Capitals Mailbag Part 1: Try not to panic

It’s time for a new Capitals mailbag! Check out Part 1 below.

Have a Caps question you want answered in the next mailbag? You can submit your questions here at the Capitals Mailbag submissions page on

Please note, some questions have been edited for clarity.

Jason Woodside writes: Where does the blame fall for this underwhelming stretch of play? Is this just a bad stretch or are cracks appearing in the foundation?

Nathan S. writes: Are the Capitals' defensive woes in your view because of their structure not matching the players’ skills, the coaching staff not employing it properly or are the players (defensemen and forwards) just not good defensively? Or is it a combination of all three?

Not surprisingly, defense is a major topic of conversation this week. Things are bad right now. It's been my feeling for a while that this team won't go far with its defense as constructed and boy have things gotten ugly.

I asked around the locker room about the defense on Tuesday and got some pretty basic answers, but that's not a surprise because the last two games we have seen very basic problems. Turnovers, missed assignments, horrible puck management, misplays on the rush, missed assignments, these are basic things. For much of the season the Caps have outscored their problems and when a team has success, there is less urgency within the locker room to fix those problems. It's human nature. This is why teams will follow a long winning streak with a losing streak.  Washington has been relying on its offense, and lately just Alex Ovechkin, to bail it out. You can't always rely on Ovechkin to get a hat trick in the final six minutes of a game. The result is that poor defensive play is now getting exposed and, when that happens, frustration sets in. Monday's game was a frustrated team abandoning its defensive structure and every man chasing the puck like they were the mites on ice.

Those things, however, are correctable and will improve over time. No team is ever as bad as its worst slump and the Caps are no exception. There are, however, two larger issues that are of greater concern to me than their recent play. The first is the obvious hole in the top four. Nick Jensen and Radko Gudas are both third-pair defensemen. This team does not have a defenseman who can play on the right of the second pair next to Dmitry Orlov.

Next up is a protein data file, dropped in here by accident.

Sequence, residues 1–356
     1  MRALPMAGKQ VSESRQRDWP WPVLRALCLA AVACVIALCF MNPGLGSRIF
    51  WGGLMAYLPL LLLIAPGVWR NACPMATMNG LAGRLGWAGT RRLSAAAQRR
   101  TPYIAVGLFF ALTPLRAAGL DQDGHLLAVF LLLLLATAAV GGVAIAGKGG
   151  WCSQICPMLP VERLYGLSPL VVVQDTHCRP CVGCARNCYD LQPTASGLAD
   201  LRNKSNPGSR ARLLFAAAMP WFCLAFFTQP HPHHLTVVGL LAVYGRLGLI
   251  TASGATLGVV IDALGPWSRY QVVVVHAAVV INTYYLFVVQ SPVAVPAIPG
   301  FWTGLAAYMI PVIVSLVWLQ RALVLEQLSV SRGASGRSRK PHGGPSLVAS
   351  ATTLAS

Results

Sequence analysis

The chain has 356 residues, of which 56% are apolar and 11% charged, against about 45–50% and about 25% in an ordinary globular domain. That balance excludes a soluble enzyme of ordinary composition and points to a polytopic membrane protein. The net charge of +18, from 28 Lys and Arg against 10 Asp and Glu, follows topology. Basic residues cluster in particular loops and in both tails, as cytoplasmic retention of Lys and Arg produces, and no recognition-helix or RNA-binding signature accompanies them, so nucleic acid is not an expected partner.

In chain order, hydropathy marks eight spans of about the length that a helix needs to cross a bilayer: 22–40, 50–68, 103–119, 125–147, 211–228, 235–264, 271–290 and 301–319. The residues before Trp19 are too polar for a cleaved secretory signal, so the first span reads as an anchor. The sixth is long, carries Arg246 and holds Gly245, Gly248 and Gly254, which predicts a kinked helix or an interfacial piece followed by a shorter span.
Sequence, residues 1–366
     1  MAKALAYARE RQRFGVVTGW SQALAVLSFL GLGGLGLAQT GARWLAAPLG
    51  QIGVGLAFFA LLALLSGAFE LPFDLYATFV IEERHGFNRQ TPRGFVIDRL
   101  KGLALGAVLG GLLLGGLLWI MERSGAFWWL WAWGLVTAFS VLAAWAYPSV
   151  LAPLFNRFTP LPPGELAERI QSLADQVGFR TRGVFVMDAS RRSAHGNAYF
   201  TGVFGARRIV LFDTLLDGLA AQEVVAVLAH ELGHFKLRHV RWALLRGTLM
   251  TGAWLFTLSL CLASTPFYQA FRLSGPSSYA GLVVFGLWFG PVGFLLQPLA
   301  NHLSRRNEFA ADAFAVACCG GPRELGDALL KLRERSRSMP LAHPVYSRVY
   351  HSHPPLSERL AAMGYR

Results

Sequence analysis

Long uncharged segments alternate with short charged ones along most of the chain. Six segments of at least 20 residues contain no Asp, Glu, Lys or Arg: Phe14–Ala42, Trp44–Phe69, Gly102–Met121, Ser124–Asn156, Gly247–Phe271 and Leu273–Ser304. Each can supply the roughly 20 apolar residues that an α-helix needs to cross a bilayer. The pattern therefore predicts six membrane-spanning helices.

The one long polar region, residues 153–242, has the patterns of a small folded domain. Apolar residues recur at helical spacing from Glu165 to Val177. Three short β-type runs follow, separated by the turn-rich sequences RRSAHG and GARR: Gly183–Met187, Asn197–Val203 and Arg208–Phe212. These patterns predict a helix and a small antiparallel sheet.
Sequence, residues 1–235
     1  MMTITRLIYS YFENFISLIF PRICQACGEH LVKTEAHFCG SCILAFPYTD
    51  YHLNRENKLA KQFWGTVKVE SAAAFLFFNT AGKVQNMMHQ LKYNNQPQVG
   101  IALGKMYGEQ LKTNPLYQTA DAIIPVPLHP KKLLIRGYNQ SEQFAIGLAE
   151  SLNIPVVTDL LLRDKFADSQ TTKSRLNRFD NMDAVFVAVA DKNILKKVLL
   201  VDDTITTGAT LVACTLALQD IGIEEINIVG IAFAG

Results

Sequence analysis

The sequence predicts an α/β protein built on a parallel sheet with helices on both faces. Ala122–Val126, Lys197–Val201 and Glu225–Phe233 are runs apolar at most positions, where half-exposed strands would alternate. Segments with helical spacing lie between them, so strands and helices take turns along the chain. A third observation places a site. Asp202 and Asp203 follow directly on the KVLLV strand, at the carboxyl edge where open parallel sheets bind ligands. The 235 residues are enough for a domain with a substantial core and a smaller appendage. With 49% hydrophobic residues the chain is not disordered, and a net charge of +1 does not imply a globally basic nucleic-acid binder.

Were you surprised to see Martin Fehervary called up when he was? You shouldn't be. You also shouldn't be surprised that he played most of those three games on the second pair. This team needs a top-four right defenseman in the worst way and was experimenting to see if a Fehervary-Orlov pair could be the solution.

The other issue is that Michal Kempny is not having a very good season at all. When two out of the top four defensemen are question marks, that's a problem and this is what will keep the team from a deep playoff run if not addressed. Trading for a right defenseman is now a necessity. I would also think we could see a lot more of Jonas Siegenthaler playing with John Carlson. They seem to work well together, though this would complicate the penalty kill structure as Reirden really wants to lean on the third defensive pair on the penalty kill to keep the defense fresh though games.

One quick note on Reirden as I think both these questions hint that perhaps coaching is the problem (and even if that was unintentional, plenty of people on Twitter are), my feeling on coaching is that team performance is the ultimate reflection of the coach and the book on Reirden as a head coach is going to be written based on what they do in the playoffs. I am not putting much stock into this current slump just as I am not putting much stock into the success of the first half of the season. Last year Reirden was put in an impossible situation and the team rebounded from a slow start and a seven-game losing streak to win the division. I felt that was an impressive first year for a head coach, but none of that mattered because they lost int he first round of the playoffs and, in my view, questionable coaching decisions played a factor. That's not the only reason why they lost, but it was a factor. Knowing this, to me whatever happens in the regular season is largely meaningless. OK, if the Caps collapse to the point that they could fall out of a playoff spot that's an issue, but frankly I'm not going to judge Reirden on an in-season slump. I'm going to judge him based on how he manages this team in the playoffs. Until then, my grade for him is incomplete.

Steve Singer writes: For me, the two biggest weaknesses on this very good Capitals team are the taking of penalties (thank goodness for the PK) and the powerless Power Play. On the first item, what can the Caps do better to clear the puck out of the zone, reduce the forechecking pressure, and thus limit their penalties? On the second item, what else can they do to energize their lifeless power play?

In fairness to Steve, this email was sent before the last two games, but I have been saying for weeks that this team's biggest weakness is defense and I don't think there is any debate. Having said that, these two issues do need to be addressed.